Procrastination can be a serious productivity killer. It can get you into all sorts of deadline troubles, leading to frantic keyboard tapping and energy drink fuelled all-nighters.
It’s not just you – besides the most diligent and proactive of us, we’re pretty much all in this together. Picture the High School Musical number, except none of us want to dance right now. Maybe later.
So when the Independent reported on a uni student who blitzed through her dissertation project in a single night, mere hours before her deadline, we can’t say we weren’t a bit awe-struck.
And incredibly stressed on her behalf. But still. Impressive.
We talk a lot about gap years, we know. And what does that actually entail, bathing baby elephants in your brightly patterned harem pants? Volunteering your time to dig out wells, or teach disadvantaged children?
Sure, if that’s your idea of a dream year out. Go for it. But don’t worry too much about matching the stereotypes.
A year out is whatever the hell you want to make of it. Travelling and volunteering are two popular avenues, of course. Chances are you’re young and not tied down with any scary responsibilities like a mortgage and steady 9-5, why wouldn’t you go see the world?
You’ve done it. You made it through two years of intensive studies, coursework, endless revision, and one hell of an exam period. Go you!
This week, it’s finally time to reap the rewards.
If everything goes to plan, you’ll wind up with the grades you were hoping for and everything will be hunky dory. Party time. On with the plan, whether that be heading to uni, taking an apprenticeship, heading out on a gap year or going into work.
So the weather might not still be living up to the full promise of Summer, but the freedom must still be tasting sweet.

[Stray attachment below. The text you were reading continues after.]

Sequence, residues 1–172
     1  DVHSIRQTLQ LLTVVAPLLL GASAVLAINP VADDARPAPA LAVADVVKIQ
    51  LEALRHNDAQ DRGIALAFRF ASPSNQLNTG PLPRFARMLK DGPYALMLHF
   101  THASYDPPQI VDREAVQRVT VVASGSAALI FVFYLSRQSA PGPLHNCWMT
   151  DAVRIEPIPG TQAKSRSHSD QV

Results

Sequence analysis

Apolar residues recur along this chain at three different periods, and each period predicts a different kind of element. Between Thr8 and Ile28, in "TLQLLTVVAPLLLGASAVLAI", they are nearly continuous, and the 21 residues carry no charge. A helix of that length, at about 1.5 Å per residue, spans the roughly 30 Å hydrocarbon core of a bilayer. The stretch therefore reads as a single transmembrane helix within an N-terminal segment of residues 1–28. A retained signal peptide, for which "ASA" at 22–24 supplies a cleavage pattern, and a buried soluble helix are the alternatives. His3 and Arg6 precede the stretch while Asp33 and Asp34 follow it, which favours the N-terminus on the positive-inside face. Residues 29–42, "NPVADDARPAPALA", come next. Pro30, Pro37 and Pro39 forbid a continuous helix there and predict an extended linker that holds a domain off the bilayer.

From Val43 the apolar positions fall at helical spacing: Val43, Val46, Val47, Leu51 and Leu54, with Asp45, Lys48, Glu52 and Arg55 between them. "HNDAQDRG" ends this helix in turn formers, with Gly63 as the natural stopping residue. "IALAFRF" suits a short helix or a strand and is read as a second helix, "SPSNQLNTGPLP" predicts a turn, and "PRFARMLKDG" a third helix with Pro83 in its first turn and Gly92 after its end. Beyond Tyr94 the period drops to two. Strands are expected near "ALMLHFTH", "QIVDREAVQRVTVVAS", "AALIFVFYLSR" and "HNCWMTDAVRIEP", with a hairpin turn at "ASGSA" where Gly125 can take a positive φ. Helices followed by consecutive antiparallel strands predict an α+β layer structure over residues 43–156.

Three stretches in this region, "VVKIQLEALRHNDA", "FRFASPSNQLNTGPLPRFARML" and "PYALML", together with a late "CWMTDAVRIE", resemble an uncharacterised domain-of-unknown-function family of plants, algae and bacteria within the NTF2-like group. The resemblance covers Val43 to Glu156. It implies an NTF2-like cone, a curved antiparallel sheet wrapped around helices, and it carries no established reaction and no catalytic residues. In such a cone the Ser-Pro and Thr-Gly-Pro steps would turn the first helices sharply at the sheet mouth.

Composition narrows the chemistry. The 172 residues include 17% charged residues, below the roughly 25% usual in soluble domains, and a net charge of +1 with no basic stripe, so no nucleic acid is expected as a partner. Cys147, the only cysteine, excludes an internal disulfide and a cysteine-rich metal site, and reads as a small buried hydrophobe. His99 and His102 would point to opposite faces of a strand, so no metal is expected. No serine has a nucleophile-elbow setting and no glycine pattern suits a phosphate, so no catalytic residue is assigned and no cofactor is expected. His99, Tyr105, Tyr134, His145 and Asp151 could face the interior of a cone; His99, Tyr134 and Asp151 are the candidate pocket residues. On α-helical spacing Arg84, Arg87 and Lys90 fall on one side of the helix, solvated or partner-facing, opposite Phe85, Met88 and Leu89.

We’re not suggesting you bog yourself down worrying about the waning August days and the darkening evenings, but it’s a good idea to start getting serious about what year 13 holds for you.
It might still seem far off, but if you’re planning on going to uni in 2020, things are going to start moving at light speed. We’re talking open days and summer schools, personal statements, UCAS applications, student finance, interviews, offers, accommodation…
This third and final part starts with the end: my concluding message to young people: listen to others openly and impartially about their varying experiences after school - of higher education routes and non-higher education routes. Understand you have a choice, more than you realise, and that all anyone else can do is offer you advice and never tell you which choice is 'best', because best is something only you can decide...because no one is inside your own head and feels the way you feel when placed in different environments with different people doing different activities (place and people will affect your choices more than you know).
So, you want to go to uni next year? Great, exams are out of the way and there’s nothing more you can do on that front.
And sure, you should be out enjoying your last summer of pure, unadulterated freedom. But now you’ve got a prime opportunity to give yourself a head-start by prepping for the year ahead.
Maybe think about thinking about creating a budget. It doesn’t matter if you have no idea what you’re doing. It doesn’t matter if you’d rather have your teeth pulled than check your bank statement. The important thing is to know where you stand so that you can plan ahead.
And that means no nasty surprises, you savvy, forward-thinker, you.
Wherever you are, school’s pretty much out for Summer now. You might have another week or so, but no one really does anything with that time anyway. You’re on the home stretch.